To Thy Own Self Be A H*: Our Review of ‘Joy Ride’ (2023)

Posted in Theatrical by - July 06, 2023
To Thy Own Self Be A H*: Our Review of ‘Joy Ride’ (2023)

There’s at least a ten minute segment in Adele Lim’s Joy Ride where it introduces its two lead characters, Audrey and Lolo. As the only Chinese-American kids in a Seattle suburb, they are are the only people who can cheer each other on as they take slightly different academic paths. The film, then, zips into present day, as adult Audrey (Ashley Park) is a lawyer trying to get a promotion in her law firm, and Lolo is a starving artist. One of the ways Audrey needs to get that promotion is to land a Chinese client, which Lolo this is also a perfect way for Audrey to meet her birth mother. At the airport, both find out that they have two unlikely companions.

Joy Ride then introduces those two companions. The first is Deadeye (Sabrina Wu), Lolo’s awkward cousin, and they’re meeting the last person in this trip in Beijing, Kat (Oscar nominee Stephanie Hsu), Audrey’s college best friend who does not get along well with Lolo. A lot of the key scenes in this film take place in airports, trains, etc. Interviews reveal that the film’s original title was Joy F*ck Club, but Planes Trains and Ho-tomobiles is equally apt. The gang go from Beijing to Haiqing to go to Audrey’s adoption agency. And along the way, they get into a lot of raunchy hijinks that will also make each character question themselves.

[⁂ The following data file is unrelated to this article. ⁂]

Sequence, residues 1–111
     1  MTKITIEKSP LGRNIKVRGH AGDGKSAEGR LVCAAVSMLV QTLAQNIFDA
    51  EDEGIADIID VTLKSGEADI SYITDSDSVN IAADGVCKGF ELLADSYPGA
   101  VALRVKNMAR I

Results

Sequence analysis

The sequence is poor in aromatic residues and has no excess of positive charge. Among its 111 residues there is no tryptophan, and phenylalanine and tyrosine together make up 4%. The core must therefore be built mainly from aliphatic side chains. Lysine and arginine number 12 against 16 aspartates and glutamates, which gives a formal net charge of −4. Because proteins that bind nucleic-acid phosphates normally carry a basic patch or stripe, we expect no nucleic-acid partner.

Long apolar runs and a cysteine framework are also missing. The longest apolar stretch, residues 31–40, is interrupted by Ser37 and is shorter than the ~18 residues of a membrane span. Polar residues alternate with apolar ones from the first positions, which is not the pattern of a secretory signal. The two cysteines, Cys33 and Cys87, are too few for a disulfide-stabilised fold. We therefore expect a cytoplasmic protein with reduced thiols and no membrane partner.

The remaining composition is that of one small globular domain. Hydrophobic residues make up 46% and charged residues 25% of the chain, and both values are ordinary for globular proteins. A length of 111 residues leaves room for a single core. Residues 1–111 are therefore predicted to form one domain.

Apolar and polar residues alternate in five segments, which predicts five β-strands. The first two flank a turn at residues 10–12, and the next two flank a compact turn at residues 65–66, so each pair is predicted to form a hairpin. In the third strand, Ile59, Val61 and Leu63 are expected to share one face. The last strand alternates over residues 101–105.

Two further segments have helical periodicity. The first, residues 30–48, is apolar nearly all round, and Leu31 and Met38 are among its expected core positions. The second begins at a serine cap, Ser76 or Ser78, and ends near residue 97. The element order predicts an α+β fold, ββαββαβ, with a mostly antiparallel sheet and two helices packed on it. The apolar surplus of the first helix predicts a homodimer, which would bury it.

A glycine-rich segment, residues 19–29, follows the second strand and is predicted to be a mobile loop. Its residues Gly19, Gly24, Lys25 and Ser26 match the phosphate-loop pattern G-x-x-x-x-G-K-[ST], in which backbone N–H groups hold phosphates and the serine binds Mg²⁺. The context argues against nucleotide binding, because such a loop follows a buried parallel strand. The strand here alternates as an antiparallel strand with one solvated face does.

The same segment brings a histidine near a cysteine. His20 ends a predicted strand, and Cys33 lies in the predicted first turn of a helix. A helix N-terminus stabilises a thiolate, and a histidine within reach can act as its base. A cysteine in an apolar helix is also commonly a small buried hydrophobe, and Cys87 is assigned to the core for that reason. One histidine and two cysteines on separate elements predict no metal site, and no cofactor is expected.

Joy Ride is one of many recent movies and shows that deal with Asian proximity to whiteness. And for the most part, it effectively pokes fun at that trend. Audrey grows up with white parents (Annie Mumolo and David Denman). And she subconsciously prefers to be in white workplaces and share spaces with other white people. That preference bites her when she chooses to share a train car with a white woman in Beijing. That woman turns out to be a drug dealer who tries to implicate the gang on her crime. The film uses that social commentary only for it to make Audrey and the gang do drugs. But then again drug use, in this context, is hilarious.

Audrey, Lolo, and the gang, in some ways, fit Asian stereotypes, but they also, while making us laugh, embody many things that rmeind viewers of the expansive, nuanced Asian character. All four of them have distinct looks. That said, some of them can still have hot Asian boyfriends (Desmond Chiam) and all of them can bag hot Asian hookups (including Chris Pang). All six, in one way or another, are in Joy Ride’s courtship and sex montage. That montage, by the way, pales in comparison to anything DW Griifith and Sergei Eisenstein ever created. That’s worth the price of admission. Finally, there’s the K-Pop scene is, which ends in one of the best ways a musical number can.

Watch Joy Ride in a theatre near you.

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While Paolo Kagaoan is not taking long walks in shrubbed areas, he occasionally watches movies and write about them. His credentials are as follows: he has a double major in English and Art History. This means that, for example, he will gush at the art direction in the Amityville house and will want to live there, which is a terrible idea because that house has ghosts. Follow him @paolokagaoan on Instagram but not while you're working.
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